Example: when are automatic standpipes required?
So, in this series, we're talking about codes and standards and how they apply to standpipes systems. In our last segment, we talked about where host connections are required, and where those requirements showed up in the IBC and NFPA 14.
Today, I want to do a similar code exercise, except I want to follow the path on finding out where automatic standpipes are required.
Now, automatic standpipes are standpipe systems where both the pressure and flow are available at the host connections at all times. A pumper truck is not needed to hook up to the standpipe system in order to get the correct pressure and flow out of the hose connections. If the water supply for the building is exceptional, then an automatic standpipe system may simply rely on that water supply coming into the building. But in most cases, an automatic standpipe system needs a building fire pump in order to supply the pressure and flow needed at those host connections. The formal definition from the IBC section 902 for an automatic wet standpipe is that it has a water supply that is capable of supplying the system demand automatically.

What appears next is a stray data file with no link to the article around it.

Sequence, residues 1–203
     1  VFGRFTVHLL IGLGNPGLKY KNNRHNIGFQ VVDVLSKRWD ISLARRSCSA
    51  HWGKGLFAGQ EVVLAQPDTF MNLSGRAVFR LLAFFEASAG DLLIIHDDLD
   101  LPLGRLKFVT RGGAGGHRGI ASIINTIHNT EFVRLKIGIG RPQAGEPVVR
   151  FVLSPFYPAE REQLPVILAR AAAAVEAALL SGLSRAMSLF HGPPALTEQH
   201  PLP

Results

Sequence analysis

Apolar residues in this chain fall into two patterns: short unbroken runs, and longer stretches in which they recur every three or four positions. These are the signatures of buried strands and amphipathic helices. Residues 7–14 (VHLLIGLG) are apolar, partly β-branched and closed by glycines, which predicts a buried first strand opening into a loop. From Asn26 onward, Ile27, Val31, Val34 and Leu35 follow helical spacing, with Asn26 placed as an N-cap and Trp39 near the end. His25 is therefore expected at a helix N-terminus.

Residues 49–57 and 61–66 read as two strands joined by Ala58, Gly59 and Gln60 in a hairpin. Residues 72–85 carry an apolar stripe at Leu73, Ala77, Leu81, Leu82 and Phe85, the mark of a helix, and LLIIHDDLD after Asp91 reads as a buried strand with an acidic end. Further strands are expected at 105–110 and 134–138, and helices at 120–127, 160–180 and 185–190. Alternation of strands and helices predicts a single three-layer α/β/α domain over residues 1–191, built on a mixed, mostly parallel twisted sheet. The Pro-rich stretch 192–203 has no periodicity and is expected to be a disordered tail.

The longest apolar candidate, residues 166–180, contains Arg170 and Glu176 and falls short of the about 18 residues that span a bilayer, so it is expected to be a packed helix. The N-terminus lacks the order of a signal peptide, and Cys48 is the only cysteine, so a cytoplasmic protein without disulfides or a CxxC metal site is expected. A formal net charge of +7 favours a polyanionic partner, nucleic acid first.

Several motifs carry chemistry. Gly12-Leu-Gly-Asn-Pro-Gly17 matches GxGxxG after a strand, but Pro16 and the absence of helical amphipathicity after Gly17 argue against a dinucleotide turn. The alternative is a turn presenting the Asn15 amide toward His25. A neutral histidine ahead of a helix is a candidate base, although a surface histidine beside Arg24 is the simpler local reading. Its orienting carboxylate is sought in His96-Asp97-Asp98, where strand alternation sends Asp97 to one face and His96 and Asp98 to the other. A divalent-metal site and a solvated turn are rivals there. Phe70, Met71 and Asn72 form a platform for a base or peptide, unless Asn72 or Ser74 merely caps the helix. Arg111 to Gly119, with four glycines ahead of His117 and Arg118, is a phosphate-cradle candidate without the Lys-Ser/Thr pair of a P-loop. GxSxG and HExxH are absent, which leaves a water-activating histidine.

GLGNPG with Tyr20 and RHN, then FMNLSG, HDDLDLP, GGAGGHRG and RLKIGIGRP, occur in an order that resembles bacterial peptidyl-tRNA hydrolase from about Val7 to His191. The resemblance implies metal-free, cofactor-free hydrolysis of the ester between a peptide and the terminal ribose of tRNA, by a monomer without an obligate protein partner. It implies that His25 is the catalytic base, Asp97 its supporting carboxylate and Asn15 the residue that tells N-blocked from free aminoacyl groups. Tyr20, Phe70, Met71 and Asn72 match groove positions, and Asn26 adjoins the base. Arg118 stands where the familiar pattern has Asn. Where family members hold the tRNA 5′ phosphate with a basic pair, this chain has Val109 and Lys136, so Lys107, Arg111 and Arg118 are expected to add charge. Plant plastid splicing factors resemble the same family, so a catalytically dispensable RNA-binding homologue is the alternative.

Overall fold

An automatic standpipe is different from a manual standpipe. In an automatic, the pressure and flow are provided well automatically. In a manual standpipe system, in order to get the flow and pressure the system needs, there has to be some kind of manual intervention. Think about a pumper truck showing up to an actual fire connecting from a hydrant to the truck and from the truck to the fire department connection, which would then supply both the flow and pressure needed for that standpipe system throughout the building. The formal definition of a manual wet standpipe is a system that's connected to a water supply for the purposes of just maintaining water in the system, but the water supply is not capable itself of delivering the demand the system needs. Manual systems require water from a fire department pumper or something of the like to be pumped into the system in order to meet the demand. Again, that would be a manual standpipe system. Automatic standpipe system is the building provides the flow and pressure automatically. Manual requires intervention from the fire department in order to supply that same flow and pressure.
In the question we're exploring today, we wanna know when is a standpipe system required to be automatic?